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Slate's Lexicon Valley podcast is always a font of linguistic information, but today's is particularly fun, more rebellious, you might say, than usual. Oh, who are we kidding, it's not like the topic is so offensive—it's not even an f-bomb, it's just the word asshole. But it's also not like we get to dissect a vulgarity or semi-vulgarity in a linguistic way every day! Some days, yes. But not every day. Geoffrey Nunberg, the linguist and UC Berkeley professor who wrote the book Ascent of the A-word: Assholism, the First Sixty Years (yes, an entire book about that word) talks with Bob Garfield and Mike Vuolo about our current era, in which we have been rather remarkably "transfixed by watching people act like assholes.” The three discuss a range of interesting word-related topics, including how we got to where we are now, expletive-wise; why women hardly ever get called the epithet; whether the word is an obscenity, a vulgarity, or a profanity; and "really the entire social construct of the character of the asshole" in general. Fascinating, right?

The word itself is a formal Merriam-Webster entry, with its earliest use (the anatomical one) going back to the 14th century, and its other use ("a stupid, incompetent, or detestable person") following from that, with related uses (example: "the worst place"). But our three podcast participants have a lot more to say than can be found in the pages of a dictionary. Vuolo kicks off the conversation remarking on how pervasive the word has become—it's only around 60 years old, a relative youngster in vulgarity terms, but it's all over the place, nearly commonplace, even, with hardly the sting of something more rare and therefore profane. "The word emerges from the rubble, so to speak, of World War II, hangs around during the 1950s and ‘60s and then explodes in the lexicon in the 1970s," he says. Nunberg clarifies that a profanity is a word from religion that's made its way into low contexts (the exclamation of hell, for instance), an obscenity is a bad word "derived from parts of the body," and a vulgarity is more generally a "bad word." As he explains in this great tidbit:

So, when George W. Bush called Adam Clymer of the New York Times "a major-league asshole"—he was caught on open mic doing that during the 2000 presidential campaign—the Times itself, which at that point would not use the word asshole, reported him as having used an obscenity. And their standards guy sent around a memo and said, “Well really in the future if this happens, we should refer to this as a vulgarity, not an obscenity.”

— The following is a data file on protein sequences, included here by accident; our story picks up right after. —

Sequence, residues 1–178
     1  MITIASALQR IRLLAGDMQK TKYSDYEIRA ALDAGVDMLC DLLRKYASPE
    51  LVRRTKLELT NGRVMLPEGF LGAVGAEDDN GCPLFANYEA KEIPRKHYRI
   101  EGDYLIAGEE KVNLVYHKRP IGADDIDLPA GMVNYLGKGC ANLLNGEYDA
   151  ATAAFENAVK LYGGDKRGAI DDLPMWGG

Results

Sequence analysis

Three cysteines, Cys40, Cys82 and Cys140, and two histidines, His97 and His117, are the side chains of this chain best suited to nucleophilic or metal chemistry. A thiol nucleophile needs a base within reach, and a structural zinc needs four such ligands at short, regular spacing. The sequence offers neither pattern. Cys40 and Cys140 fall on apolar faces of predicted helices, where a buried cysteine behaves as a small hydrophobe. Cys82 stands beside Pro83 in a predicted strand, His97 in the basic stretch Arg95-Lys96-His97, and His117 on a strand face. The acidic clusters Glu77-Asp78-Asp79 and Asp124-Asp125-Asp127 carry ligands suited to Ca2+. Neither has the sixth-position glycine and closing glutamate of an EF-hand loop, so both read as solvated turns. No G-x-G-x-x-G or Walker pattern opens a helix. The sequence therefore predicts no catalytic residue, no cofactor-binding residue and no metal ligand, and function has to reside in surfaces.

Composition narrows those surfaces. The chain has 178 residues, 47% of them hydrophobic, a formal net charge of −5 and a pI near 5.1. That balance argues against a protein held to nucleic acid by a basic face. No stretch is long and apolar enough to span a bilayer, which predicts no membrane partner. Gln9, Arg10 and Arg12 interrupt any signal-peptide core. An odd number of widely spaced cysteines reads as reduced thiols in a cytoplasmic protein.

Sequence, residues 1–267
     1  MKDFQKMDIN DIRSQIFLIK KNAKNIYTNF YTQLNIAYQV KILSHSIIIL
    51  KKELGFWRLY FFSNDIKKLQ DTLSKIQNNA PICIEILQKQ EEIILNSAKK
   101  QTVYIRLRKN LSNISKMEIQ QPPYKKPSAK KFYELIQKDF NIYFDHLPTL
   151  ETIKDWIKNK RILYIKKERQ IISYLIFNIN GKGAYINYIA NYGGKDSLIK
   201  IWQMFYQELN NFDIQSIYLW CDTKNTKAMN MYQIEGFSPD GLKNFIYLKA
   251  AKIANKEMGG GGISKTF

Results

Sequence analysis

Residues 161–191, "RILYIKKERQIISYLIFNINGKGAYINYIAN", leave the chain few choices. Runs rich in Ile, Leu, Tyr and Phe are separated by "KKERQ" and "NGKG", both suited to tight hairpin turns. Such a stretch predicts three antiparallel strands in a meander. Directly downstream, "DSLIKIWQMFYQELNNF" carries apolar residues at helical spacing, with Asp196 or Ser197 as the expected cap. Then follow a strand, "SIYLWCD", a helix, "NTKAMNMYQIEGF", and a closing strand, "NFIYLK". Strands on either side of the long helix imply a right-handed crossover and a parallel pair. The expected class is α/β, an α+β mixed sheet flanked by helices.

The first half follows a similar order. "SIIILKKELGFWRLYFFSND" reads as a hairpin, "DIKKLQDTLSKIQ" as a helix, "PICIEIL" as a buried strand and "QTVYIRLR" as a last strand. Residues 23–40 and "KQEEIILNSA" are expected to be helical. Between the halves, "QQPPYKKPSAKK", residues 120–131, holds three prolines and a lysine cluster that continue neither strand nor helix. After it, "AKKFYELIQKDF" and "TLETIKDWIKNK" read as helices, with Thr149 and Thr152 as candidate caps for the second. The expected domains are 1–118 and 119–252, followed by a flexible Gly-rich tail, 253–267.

(Flash forward to today, when the New York Times still won't print STFU).

The three move on to talk about how a lot of obscenities began to have new usages in the first few decades of the 20th century—that's when shit, for example, came into use as a verb, i.e., "You've gotta be shitting me," and, as Nunberg adds, "bullshit ... fuck-upup shit creek and so on" appeared. "Dozens and dozens of these words that, although they were vulgar in their origins and had obscene meanings, in these new uses referred to things that really didn't have any particularly obscene properties or consequences. When you say, 'That's bullshit,' you're merely saying it's nonsense or a kind of stronger form of nonsense," he explains, "but you're not imputing to it anything obscene. And when I call somebody an asshole, I may be talking about his arrogance or sense of entitlement or obtuseness, but I'm not saying anything about him that I couldn't say on the op-ed page of the New York Times if I couched it in more decorous language." Indeed!

From whence did the word come? It "was clearly a coining of GIs during the Second World War to refer to meddlesome or officious officers or noncoms," and one of its first literary appearances was in The Naked and the Dead, a war novel by Norman Mailer published in 1948, he says. It took until the '70s, though, for it to become ensconced in our typical speech, when Holden Caulfield's epithet "the phony" is "as a social type is replaced by the asshole." Those two words aren't quite the same but their close, and might overlap—the phony is a faker, the asshole shows a miserable inner condition, a flawed personality. The asshole, however, can be redeemed, while the phony (or the heel, as they mention) is just a phony or a heel forever. 

The gender equality aspect of the discussion is fascinating as well. Nunberg points out, "You rarely, almost never, hear a woman being described as an asshole for doing to a man what a man would be called an asshole for doing to a woman. So, I think that there are lots of cases where we ought to call women assholes in the name of gender equity, where we don't. We call them bitch. But why should we use a word that's gender specific for this particular kind of behavior?" Garfield adds, "We will know when women have achieved some measure of gender equity when asshole women can be called assholes right alongside asshole men."

Nunberg argues in his book that we're in an age "as obsessed with assholism as I say the post-war years were obsessed with the phony or the age of Anthony Trollope was obsessed with the cad and the bounder," in which "assholism" is all over the TV, in the movies, on the Internet, a major part of our contemporary political discourse, and so on. But even despite all that, Nunberg expects some trouble in promoting his book given the subject and title. After all, he says, the Times didn't even run the word until this year. What jerks.

Correction: Per Ben Zimmer, the first time the Times published the word was in 1974 while transcribing Nixon. More on that via Language Log.


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